# Why is NP in EXPTIME?

Is there an easy way to see why NP is in EXPTIME? It seems to me a priori conceivable that there could be a problem which requires super-exponential time to solve, but whose solution could be verified in polynomial time.

• In fact, ​ NP $\subseteq$ PSPACE . ​ ​ ​ ​ – user12859 Apr 22 '16 at 4:19
• Welcome to Computer Science! What have you tried? Where did you get stuck? We do not want to just do your (home-)work for you; we want you to gain understanding. However, as it is we do not know what your underlying problem is, so we can not begin to help. See here for a relevant discussion. If you are uncertain how to improve your question, why not ask around in Computer Science Chat? You may also want to check out our reference questions. – Raphael Apr 22 '16 at 7:21

Any problem in NP is in EXPTIME because you can either use exponential time to try all possible certificates or to enumerate all possible computation paths of a nondeterministic machine.

More formally, there are two main definitions of NP. One is that a language $L$ is in NP iff there is a relation $R$ such that

• there is a polynomial $p$ such that, for all $(x,y)\in R$, $|y|\leq p(|x|)$,
• given the string $x\#y$, we can determine in time polynomial in $|x\#y|$ whether $(x,y)\in R$, and
• $L = \{x\mid (x,y)\in R\}$.

So, if we have exponential time and we want to know if $x\in L$, we can just try all $|\Sigma|^{p(n)}$ possible values for~$y$ and see if $(x,y)\in R$ for any of those. That takes time $2^{O(p(n))}$, so $L\in\,$EXPTIME.

Alternatively, we can define NP as the set of languages decided by polynomial time nondeterministic Turing machines. In this case, suppose that $L$ is decided by machine $M$ in time $p(n)$ for some polynomial $p$, for inputs of length $n$. Then $M$ makes at most $p(|x|)$ nondeterministic choices while determining if $x\in L$. By examining $M$'s transition function, we can find a constant $k$ such that $M$ has at most $k$ nondeterministic choices at each step of the computation (independent of the input), so it has at most $k^{p(|x|)} = 2^{O(p(|x|))}$ different sequences of nondeterministic choices while reading input $x$. Given exponential time, we can simulate each of these possibilities one after another and see if any of them accepts.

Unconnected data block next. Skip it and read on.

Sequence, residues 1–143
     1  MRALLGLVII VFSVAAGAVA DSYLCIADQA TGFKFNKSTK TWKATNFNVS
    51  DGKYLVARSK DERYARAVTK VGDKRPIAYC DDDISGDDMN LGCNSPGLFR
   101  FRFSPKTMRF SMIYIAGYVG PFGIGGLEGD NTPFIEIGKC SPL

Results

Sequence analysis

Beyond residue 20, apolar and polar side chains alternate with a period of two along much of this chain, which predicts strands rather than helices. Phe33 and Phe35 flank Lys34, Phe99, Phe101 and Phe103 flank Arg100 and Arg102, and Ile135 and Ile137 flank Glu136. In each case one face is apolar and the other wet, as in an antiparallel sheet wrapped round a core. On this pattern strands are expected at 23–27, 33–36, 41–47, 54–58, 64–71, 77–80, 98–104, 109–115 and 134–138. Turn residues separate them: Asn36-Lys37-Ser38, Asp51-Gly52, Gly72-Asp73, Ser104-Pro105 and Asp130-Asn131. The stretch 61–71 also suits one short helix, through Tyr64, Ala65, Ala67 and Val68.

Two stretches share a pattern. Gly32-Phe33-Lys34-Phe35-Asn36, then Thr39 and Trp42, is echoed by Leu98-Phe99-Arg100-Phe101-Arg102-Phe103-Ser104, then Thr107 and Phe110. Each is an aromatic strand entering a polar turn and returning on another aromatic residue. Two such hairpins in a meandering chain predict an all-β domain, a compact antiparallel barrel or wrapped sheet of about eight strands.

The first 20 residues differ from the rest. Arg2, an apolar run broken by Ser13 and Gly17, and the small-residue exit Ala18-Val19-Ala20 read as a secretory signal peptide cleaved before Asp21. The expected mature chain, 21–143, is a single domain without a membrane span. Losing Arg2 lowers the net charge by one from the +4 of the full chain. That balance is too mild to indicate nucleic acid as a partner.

• Strictly speaking, the polynomial in the second bullet needs to be chosen once and for all, it cannot depend on $x$ and $y$. ;) – Martin Berger Apr 22 '16 at 8:50
• What exactly is the definition of EXPTIME? I recall it as $O(k^{|x|})$, but your answer seems to assume $O(k^{p(|x|)})$. It is not obvious that the extra polynomial can be included without making it a different complexity class. – kasperd Apr 22 '16 at 13:26
• @kasperd According to Wikipedia, EXPTIME is defined to be the decision problems that can be solved in $O(k^{p(|x|)})$. – tparker Apr 22 '16 at 16:55